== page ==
Students and teachers return to four days a week in-person learning

Spanish teacher Bryan Boeing poses in his classroom. To prepare for in-school learning, plastic shields were attached to the desk to prevent the spread of COVID, and teachers were given moveable carts for their laptops, which they will use to teach both in-person and distance students at once. Photo by Olivia DeWan.

Earlier in the year, students who had selected the hybrid learning option would go into school physically for two days a week. Following the development of the COVID vaccine, they returned to school for all four days.

“Going back to school four days a week has been a good experience for me,” freshmen Ashley Conner said. “It’s kind of nice to get back into it.”

Previously, students alternated going to school and staying home. Half of hybrid students would go in the building on Tuesday and Wednesday and the other half would attend Thursday and Friday.

“I was looking forward to seeing County a little closer to normal with so many students in the building,” junior Kenly Howerter said.

Many students were anxious to get back into the building, but when COVID put a bump in the road that was their daily lives, they weren’t sure what to expect. In fact, many freshmen had never seen the inside of the building.

“The four days a week scared me at first,” Howerter said. “I was so used to online classes or having it half in school and half distance.”

While the students may have been unsure of the sudden change, teachers were over-the-moon excited.

“Before the students returned the school was like a ghost town,” math teacher Elaine Voketaitis said. “Students bring great energy into the building.”

However, the change from hybrid learning to in-person didn’t happen overnight. Many steps were taken to set up the classrooms, cafeteria, and bus schedules.

“To prepare for the students’ return, the classrooms had to be reconfigured to accommodate the required distancing,” Voketaitis said. “Due to the different learning styles, I am providing students with hard copies of notes,” something that was not possible earlier this year.

In addition to changes in the classroom, the entire school underwent a new series of rules so that the COVID guidelines were followed.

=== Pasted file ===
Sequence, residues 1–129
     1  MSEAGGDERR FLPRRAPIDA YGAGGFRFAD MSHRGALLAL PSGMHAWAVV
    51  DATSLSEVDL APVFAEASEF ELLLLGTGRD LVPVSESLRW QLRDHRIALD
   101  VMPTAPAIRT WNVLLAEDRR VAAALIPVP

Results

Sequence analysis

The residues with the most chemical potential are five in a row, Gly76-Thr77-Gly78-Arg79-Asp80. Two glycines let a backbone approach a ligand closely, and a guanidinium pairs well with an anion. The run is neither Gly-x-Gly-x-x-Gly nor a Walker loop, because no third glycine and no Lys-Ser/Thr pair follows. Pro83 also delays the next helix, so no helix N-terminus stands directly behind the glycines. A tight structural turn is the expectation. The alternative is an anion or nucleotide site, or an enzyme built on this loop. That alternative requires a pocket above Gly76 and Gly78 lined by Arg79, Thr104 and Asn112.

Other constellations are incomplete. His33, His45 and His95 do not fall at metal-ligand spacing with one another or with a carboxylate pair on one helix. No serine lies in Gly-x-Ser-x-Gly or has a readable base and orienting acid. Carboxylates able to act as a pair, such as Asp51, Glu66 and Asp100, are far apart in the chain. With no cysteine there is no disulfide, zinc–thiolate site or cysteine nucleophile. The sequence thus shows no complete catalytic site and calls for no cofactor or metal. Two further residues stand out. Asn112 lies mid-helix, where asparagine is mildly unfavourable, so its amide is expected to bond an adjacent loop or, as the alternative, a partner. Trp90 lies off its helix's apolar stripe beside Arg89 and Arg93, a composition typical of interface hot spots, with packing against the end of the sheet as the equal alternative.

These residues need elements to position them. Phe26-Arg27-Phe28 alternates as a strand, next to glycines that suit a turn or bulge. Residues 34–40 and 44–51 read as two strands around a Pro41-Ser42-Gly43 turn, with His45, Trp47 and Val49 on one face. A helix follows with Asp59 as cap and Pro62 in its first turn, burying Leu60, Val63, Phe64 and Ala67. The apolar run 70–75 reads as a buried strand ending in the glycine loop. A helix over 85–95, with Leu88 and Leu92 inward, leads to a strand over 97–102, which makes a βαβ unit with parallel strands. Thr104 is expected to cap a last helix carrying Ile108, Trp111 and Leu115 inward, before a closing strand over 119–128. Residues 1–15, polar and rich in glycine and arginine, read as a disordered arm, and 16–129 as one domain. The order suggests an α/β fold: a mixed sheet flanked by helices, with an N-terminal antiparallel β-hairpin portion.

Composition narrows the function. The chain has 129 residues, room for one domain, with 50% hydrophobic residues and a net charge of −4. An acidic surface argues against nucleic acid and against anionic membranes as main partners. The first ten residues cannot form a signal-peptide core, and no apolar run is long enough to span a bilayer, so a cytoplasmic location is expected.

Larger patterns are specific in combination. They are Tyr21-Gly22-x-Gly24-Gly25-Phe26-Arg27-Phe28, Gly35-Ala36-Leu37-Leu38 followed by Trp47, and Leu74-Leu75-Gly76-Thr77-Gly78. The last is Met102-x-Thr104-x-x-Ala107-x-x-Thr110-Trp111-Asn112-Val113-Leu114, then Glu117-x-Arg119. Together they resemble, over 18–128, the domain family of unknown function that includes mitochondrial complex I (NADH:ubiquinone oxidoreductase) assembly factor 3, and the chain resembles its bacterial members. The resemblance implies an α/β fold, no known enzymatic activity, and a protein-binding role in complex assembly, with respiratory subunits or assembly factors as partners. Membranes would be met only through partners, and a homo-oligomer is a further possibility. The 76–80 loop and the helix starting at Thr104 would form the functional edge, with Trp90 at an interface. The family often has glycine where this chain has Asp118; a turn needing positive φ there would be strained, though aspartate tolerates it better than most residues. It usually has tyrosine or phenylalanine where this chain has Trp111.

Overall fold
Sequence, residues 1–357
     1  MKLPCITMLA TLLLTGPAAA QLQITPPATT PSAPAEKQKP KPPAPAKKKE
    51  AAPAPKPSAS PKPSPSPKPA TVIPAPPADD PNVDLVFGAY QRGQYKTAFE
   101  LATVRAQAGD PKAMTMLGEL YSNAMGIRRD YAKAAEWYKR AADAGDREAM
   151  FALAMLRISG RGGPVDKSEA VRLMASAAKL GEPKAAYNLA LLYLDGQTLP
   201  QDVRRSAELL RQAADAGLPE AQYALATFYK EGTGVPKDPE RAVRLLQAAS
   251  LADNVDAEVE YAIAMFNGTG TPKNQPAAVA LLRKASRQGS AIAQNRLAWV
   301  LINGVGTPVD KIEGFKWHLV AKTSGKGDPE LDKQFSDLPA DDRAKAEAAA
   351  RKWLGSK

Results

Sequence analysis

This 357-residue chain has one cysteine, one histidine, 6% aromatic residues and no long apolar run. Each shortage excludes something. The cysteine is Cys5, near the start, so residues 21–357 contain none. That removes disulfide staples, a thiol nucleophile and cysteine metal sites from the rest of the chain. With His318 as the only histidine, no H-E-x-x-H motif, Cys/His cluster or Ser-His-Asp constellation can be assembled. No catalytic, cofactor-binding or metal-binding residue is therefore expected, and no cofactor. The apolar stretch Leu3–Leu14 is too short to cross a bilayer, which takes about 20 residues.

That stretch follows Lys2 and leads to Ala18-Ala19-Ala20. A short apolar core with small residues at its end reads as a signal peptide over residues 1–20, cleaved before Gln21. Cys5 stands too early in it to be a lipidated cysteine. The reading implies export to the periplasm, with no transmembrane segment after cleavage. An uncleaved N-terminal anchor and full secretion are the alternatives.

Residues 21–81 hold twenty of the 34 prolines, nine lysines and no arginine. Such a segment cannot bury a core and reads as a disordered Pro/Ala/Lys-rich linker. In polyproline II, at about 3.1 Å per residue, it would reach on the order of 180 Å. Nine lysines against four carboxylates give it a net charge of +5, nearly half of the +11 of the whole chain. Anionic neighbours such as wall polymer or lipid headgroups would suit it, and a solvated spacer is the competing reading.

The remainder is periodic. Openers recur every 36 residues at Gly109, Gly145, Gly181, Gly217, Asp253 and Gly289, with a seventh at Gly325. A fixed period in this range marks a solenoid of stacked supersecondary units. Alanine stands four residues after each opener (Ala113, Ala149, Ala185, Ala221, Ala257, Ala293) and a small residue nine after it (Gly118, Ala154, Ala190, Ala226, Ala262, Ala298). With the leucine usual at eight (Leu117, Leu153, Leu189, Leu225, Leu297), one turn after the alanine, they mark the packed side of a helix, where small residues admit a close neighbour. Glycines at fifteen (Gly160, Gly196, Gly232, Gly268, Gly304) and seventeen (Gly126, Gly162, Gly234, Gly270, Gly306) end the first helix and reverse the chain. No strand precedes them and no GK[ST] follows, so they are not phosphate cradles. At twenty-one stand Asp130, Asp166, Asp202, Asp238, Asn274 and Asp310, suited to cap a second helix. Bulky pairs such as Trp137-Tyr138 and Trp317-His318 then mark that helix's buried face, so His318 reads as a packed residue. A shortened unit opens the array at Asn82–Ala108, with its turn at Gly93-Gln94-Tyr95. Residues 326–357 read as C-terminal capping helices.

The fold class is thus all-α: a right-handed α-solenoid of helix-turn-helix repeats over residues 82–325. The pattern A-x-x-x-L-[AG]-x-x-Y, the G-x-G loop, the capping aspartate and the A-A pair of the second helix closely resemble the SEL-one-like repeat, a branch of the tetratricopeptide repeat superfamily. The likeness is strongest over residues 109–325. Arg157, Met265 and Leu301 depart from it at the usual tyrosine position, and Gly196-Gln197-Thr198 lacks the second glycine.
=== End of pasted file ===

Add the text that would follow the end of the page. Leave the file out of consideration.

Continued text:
“I really enjoyed walking around school in the morning,” sophomore Lauren Kirk said, of her freshman year. “But we can’t do that now because of COVID.” Instead, students are expected to go right to class upon entering the building.

Similarly, students are required to fill out a mandatory symptom checker questionnaire before they enter the school building. The questionnaire asks if students have had any COVID symptoms such as a cough, fever, or loss of taste or smell, or if they came in contact with anyone who caught COVID. Once the form is completed, students can proceed with their day.

In addition to the COVID questionnaire, temperature scanners were installed. The scanners act as a giant thermometer by checking the temperature of every person who enters the building.

Of course such advancements came with some challenges.

“I think it can be difficult to stay six feet apart,” Kirk said. “I do my best and back up if someone comes too close, but sometimes others don’t even try, which I find frustrating, along with when people don’t wear masks correctly.”

On another note, some students were concerned about adjusting back to a full day of school.

“I think finding time to relax will be difficult because you are in school seven hours a day and then go home and do homework,” Howerter said. “Junior year is known to be difficult and so far the workload has been bearable because I was able to complete the assignments from the comfort of my own bed.”

Conner agreed, saying she thought it would be difficult to return to her original schedule.

Regardless of all the changes, teachers and students are happy to be back in school.

“It’s been really great having an (almost) full classroom again,” Spanish teacher Bryan Boeing said. “The classroom dynamic with 10 or 12 students is way better than only three or four.”

Asides from bringing a missed energy and busy environment back, in-person learning made several aspects of school much simpler.

“I like that I can communicate with my teachers easier,” Kirk said. “I am also able to talk to my friends in the hallways, which was something I didn’t realize I missed a lot in in-person school.”

It also gave teachers a chance to reconnect with their students.

“I can definitely provide more detailed and personal feedback to my students who are in-person,” Boeing said. “But there are many activities that we are still unable to do.”

While a handful of students are in-person and are reacquainting themselves with what school is normally like, others chose to remain home and continue school using the distance learning program.

The distance learning model was familiar, as students had been using it for a solid few months. In-person leaning was a totally new adjustment to a lifestyle that had already undergone a series of intense changes.

“I would not go back to distance learning,” Kirk said. “I actually switched to hybrid after November by emailing my counselor. While I did like some aspect of distance learning, I definitely prefer being in-person and not seeing people through a screen.”

Conner agreed.

“Being in school gives me more motivation to do things,” she said.

A burst of motivation is just what many students are searching for as the school year is rapidly coming to an end. Many people, students and teachers alike, are looking forward to the summer vacation, and are ready for a break.

“Keep up the great work and be proud of yourselves for making it through all the challenges this school year had to throw at you,” Boeing said.

To finish out the year strong regardless of COVID, students will need to continue working hard.

“Keep moving forward,” Voketaitis advised. “The best is yet to come.”